Why Democratic platform uproar points to deeper challenge for party
Democrats restored the words 'God' and 'Jerusalem' to their platform Wednesday, saying the omission was an 'oversight.' But with a growing share of Democrats turning away from organized religion, 'God talk' can cause some tension.
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“Religion talk – God talk – can create tensions within the Democratic coalition; some people respond positively, other people react very negatively, and I don’t know what [role] that tension might’ve played” in the phrases being removed from the plank, he adds.Skip to next paragraph
In Pictures The Democratic National Convention 2012
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The move to rewrite the plank after its approval on Tuesday came after the widely read Drudge Report, a conservative news site, linked to a story pointing out how the party had excised the phrase “God-given rights” and had taken out language in the 2008 plank that referred to support for Jerusalem as the capital of Israel.
The revised sections now read as follows:
- "Jerusalem is and will remain the capital of Israel. The parties have agreed that Jerusalem is a matter for final status negotiations. It should remain an undivided city accessible to people of all faiths.”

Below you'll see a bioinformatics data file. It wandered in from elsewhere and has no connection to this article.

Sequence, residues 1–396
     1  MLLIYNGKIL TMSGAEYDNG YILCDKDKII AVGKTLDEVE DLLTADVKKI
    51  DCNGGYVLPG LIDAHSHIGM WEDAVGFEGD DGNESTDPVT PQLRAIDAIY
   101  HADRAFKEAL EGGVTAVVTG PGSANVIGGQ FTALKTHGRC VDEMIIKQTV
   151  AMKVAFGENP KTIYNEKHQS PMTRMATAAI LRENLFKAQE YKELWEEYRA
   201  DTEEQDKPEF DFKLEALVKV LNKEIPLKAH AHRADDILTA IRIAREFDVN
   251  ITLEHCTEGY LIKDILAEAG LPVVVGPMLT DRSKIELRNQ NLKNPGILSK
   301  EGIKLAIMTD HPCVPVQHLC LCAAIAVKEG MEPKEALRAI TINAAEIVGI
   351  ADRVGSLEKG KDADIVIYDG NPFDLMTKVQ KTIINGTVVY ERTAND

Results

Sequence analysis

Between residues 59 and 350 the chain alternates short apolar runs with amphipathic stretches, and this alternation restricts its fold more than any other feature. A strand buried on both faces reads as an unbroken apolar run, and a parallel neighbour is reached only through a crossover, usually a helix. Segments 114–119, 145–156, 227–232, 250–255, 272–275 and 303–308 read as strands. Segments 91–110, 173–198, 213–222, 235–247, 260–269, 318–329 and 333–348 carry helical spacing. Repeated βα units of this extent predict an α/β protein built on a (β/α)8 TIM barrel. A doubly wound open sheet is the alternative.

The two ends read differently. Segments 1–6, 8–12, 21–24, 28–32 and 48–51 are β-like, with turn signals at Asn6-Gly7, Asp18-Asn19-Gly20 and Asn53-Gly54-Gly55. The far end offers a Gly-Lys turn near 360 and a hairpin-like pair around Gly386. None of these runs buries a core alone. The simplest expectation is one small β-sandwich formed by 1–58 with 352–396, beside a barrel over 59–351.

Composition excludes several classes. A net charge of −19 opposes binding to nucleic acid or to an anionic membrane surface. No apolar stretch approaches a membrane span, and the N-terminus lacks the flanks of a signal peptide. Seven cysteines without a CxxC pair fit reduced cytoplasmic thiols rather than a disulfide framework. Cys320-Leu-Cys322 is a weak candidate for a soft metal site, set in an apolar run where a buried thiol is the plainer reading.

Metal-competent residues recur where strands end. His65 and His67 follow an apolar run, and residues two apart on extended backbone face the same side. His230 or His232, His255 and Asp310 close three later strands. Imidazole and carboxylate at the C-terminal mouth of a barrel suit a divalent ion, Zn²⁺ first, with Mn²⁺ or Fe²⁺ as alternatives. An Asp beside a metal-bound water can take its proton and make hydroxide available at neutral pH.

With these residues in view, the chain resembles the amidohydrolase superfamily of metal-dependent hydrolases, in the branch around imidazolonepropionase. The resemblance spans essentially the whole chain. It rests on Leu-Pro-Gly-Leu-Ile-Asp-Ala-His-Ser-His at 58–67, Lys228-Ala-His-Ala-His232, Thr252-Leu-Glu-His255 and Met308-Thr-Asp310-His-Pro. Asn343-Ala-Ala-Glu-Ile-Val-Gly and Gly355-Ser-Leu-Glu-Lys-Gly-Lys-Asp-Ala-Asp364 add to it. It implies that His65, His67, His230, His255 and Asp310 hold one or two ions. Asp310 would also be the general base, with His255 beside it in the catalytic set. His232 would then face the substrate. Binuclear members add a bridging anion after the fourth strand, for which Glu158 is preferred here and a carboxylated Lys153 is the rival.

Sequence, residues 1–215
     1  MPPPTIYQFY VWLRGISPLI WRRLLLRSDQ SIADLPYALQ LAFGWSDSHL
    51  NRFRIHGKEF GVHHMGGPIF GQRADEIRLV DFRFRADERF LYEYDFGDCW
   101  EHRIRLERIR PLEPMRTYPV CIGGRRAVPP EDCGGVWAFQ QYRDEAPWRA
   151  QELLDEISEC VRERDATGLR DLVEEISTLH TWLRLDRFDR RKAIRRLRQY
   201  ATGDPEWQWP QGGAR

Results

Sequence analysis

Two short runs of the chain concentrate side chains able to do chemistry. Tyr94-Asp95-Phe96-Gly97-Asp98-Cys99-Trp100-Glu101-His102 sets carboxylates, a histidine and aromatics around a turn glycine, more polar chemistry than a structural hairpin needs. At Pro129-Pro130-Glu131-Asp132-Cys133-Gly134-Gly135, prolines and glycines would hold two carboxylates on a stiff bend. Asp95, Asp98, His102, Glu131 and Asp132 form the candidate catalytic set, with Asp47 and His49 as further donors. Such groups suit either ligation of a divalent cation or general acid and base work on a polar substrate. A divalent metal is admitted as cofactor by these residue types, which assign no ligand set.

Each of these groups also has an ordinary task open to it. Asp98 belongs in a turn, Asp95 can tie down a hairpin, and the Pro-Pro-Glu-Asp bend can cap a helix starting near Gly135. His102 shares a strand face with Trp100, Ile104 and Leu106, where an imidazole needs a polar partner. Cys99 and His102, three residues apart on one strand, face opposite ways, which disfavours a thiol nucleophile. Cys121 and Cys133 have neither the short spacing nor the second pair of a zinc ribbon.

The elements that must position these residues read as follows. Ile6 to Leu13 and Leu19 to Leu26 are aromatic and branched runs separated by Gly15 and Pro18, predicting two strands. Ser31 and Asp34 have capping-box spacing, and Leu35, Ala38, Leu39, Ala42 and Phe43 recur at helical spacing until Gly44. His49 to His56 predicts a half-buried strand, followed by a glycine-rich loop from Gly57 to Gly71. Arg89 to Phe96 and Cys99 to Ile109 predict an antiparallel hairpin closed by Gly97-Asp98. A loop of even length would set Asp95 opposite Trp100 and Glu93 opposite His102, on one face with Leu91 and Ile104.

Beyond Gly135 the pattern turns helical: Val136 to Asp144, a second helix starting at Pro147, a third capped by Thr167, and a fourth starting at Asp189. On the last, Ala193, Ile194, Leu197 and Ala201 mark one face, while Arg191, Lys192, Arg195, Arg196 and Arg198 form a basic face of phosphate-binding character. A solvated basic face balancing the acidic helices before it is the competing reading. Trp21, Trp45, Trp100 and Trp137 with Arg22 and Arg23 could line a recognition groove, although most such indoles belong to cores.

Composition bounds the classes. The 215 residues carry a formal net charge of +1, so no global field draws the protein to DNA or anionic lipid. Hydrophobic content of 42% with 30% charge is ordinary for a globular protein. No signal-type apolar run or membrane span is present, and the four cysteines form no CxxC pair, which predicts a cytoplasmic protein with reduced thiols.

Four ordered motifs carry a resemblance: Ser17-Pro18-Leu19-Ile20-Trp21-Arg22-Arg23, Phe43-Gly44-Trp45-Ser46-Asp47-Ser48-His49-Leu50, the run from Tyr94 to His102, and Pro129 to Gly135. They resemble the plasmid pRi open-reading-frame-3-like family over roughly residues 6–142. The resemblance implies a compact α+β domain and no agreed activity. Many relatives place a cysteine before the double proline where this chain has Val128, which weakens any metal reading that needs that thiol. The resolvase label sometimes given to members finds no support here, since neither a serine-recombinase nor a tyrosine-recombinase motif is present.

- "We need a government that stands up for the hopes, values, and interests of working people, and gives everyone willing to work hard the chance to make the most of their God-given potential."
Republicans, who are managing their own religious tensions between social conservatives and libertarians, quickly jumped on the slip up, hoping it would upstage the convention’s main speakers, including Bill Clinton, and drive home a campaign message that Democrats are out of touch with mainstream America.
“If booing God and his holy city is a part of the Democratic Convention happening in this universe, I’ll take the alternative universe Bill Clinton said the GOP lives in,” writes RedState blogger and CNN contributor Erick Erickson. “This is why Barack Obama stands a good chance of losing. It is the Democrats who have disconnected from America.”
For some religious Democrats, the whole incident seems an innocent, yet potentially damaging, mistake.
“I’m personally convinced that this was on nobody’s agenda – that what we’re looking at is an incredibly stupid happenstance,” says Stephen Schneck, the national co-chair of Catholics for Obama and a board member for Democrats for Life, who acknowledged that he, too, missed the change when he read the plank. “But I’ll acknowledge that the optics really stink, and it’s an opening for believing right-wingers to suggest that the Democratic Party is not friendly to religion, which I personally know is fundamentally false.”
If anything Mr. Schneck faults a “tightly held” plank-writing process that he himself witnessed. “It was very tough for pro-life Democrats, who are one-third of the party, to get someone on the platform committee to return our phone calls,” he says.